Instead, Peacock said the new styles rising in popularity now are due to the influx of artists taking an interest in tattooing, not more women tattooing.
“Tattooing has gone into the hands of these people that have pushed the envelope, and they’ve brought so many different styles in, from graphic novels to fine art to computer art,” Peacock said.
All of the women, however, agree that the industry has changed drastically in the past few years, with more and more people getting tattoos. They no longer symbolize a rebel status like they used to. Instead, they have become a part of mainstream popular culture.
“Different types of people have been a little bit more okay with getting tattooed lately, in the past four to five years,” Harlow said. “I think what changed it was the media. If it’s on TV, it’s okay.”
Peacock first began to notice the change when her clientele shifted. She began to get to know people in the medical field or in law enforcement who were interested in tattooing, the types of people who did not express an interest before.
“What I suddenly realized is that I was being viewed as a successful business owner, aside from being a tattooer,” Peacock said. “So suddenly, I’m validated. I’m okay for someone to talk to me and take me into their group that aren’t necessarily into tattooing. And that was kind of weird.”
Peacock called the shift a turning point in her career. After only associating with fellow tattoo artists, she wasn’t used to attention from individuals outside of the industry.
Thayer agreed that tattoo culture has become more popular recently due to the influence of media, but she said the political climate may have something to do with the recent increase as well.
“Throughout history, there’s been surges of an increase of tattooing, and they tend to follow really politically turbulent times,” Thayer said. “I think we’re definitely in another one of this cycles, like we were in the ‘20s and ‘30s, and again in the ‘60s and ‘70s. We’re here again. It’s a way for people to take control of themselves. So I think that’s what’s really going on at the core of it.”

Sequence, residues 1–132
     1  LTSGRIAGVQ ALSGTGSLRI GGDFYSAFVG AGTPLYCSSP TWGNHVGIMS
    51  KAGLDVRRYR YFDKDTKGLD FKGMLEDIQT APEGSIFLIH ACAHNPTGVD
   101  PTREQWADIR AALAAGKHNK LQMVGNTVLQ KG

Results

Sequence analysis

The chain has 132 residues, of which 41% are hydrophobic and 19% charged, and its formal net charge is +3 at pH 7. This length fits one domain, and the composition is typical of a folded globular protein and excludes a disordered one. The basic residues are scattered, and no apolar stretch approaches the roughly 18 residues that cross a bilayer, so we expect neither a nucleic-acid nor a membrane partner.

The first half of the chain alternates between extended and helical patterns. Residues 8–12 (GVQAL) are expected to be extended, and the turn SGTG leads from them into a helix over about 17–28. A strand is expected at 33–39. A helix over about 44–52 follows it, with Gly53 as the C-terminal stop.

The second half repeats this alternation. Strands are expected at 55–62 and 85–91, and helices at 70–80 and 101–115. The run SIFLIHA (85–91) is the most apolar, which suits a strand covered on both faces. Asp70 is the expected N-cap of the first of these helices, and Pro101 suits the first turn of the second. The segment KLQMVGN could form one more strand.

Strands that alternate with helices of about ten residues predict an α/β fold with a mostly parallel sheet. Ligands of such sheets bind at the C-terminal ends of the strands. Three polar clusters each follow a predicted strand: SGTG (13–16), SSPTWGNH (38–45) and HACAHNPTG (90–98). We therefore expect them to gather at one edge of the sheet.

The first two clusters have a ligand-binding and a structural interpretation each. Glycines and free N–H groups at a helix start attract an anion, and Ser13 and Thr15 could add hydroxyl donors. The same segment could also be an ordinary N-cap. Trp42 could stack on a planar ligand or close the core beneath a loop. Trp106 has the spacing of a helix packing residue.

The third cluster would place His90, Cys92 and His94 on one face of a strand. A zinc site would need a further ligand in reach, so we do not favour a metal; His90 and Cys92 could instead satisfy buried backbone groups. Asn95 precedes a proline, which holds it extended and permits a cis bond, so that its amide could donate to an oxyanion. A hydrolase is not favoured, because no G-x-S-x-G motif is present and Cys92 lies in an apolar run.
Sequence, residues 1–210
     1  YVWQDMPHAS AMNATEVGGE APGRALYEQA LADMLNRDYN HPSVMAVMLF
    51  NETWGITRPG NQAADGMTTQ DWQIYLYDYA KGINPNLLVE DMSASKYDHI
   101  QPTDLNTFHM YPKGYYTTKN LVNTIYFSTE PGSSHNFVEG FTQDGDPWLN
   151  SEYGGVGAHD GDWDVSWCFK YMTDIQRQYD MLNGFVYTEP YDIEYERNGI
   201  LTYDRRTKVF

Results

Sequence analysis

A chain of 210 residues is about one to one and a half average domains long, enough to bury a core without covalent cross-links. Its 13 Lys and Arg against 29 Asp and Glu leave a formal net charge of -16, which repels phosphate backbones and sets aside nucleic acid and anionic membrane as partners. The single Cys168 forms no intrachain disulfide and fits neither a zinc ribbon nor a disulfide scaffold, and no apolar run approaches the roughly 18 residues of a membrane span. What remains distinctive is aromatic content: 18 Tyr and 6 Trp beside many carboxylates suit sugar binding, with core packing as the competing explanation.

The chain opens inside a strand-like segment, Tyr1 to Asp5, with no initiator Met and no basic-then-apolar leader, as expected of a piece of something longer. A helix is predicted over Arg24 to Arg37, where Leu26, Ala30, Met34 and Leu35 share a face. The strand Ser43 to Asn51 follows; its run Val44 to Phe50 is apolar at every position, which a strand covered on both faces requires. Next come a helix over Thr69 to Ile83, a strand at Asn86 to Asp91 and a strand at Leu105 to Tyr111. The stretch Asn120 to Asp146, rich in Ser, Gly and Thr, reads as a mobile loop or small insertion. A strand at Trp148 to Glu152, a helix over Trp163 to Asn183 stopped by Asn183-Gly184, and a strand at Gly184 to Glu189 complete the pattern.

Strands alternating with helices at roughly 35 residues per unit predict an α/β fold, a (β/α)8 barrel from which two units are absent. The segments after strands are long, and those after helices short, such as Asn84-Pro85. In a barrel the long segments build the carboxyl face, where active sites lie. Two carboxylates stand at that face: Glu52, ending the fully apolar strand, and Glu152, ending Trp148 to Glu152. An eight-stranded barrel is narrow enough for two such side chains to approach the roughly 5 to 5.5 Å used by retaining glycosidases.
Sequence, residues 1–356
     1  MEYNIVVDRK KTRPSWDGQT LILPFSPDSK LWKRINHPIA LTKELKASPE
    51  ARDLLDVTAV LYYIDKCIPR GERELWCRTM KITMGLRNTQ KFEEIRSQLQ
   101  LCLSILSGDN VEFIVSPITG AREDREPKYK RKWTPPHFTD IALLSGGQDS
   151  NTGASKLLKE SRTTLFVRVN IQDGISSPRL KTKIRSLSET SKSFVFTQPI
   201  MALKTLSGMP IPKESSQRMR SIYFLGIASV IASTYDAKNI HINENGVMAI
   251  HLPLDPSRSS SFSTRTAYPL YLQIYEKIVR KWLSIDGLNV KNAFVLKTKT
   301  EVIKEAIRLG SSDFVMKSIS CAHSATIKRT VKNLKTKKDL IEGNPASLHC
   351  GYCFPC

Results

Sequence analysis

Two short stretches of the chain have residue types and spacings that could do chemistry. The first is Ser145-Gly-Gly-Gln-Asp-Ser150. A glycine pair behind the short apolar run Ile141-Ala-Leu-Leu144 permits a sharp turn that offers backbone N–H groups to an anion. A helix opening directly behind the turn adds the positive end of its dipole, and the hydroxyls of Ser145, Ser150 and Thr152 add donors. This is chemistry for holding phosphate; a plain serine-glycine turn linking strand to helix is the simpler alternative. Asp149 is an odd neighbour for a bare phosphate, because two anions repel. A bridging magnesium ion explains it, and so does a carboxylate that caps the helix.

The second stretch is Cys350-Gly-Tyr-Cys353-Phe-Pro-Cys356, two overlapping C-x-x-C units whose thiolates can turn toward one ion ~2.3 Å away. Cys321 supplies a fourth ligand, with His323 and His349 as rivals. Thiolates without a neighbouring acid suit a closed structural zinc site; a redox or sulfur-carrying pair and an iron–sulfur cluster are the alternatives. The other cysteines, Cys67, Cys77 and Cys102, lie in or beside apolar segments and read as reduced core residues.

Harlow said that people are drawn towards tattoos as a way to express themselves, not necessarily an expression of rebellion anymore.
“We have so many different types of people, and there’s so many humans on this planet that we’re trying to find a way to express ourselves and stand out,” Harlow said. “I think it’s a change of consciousness. People want to be able to be different and express themselves.”
Breast cancer patients have also become a large clientele for tattoo artists. Nipple tattoos help women feel better after mastectomies, when the breast and the nipple are removed, Harlow said.
“I can tattoo them and make them look 3-D, and they feel better with that,” she said. “As long as society is okay with it, it’s okay for people to get it.”
Peacock, who has also tattooed women after mastectomies, said tattooing breast cancer patients changed how people viewed her. She was no longer just a tattoo artist, but someone who was helping women by doing something surgeons couldn’t do.
For women especially, Thayer said tattoos help with self-esteem, even outside of mastectomies.
“(Women) have been told we’re not enough of something,” she said. “You’re too tall, you’re too short, you’re too thin, you’re too fat, you’re too whatever. You’re something.
“I see as people get tattoos, they start to accept themselves for who they are,” Thayer said. “And to stand up in front of the mirror and just love yourself, love the way you look, is such a powerful thing.”
Women have gone through a long journey in the tattoo industry. Some are like Peacock, they’ve been in the industry forever with few problems, but others are Harlow and have been discriminated against based on their gender. In the end, there are more women now than ever before, women like Thayer who began tattooing just in the last few years, making their mark on the tattooing world.
The industry — whether it is because of the media, the political climate, the desire for self-expression or breast cancer — continues to grow in popularity among both men and women. And despite whether they are giving a tattoo or receiving it, women are, and have always been, a huge part of the tattoo industry.
Edited by Sarah Muzzillo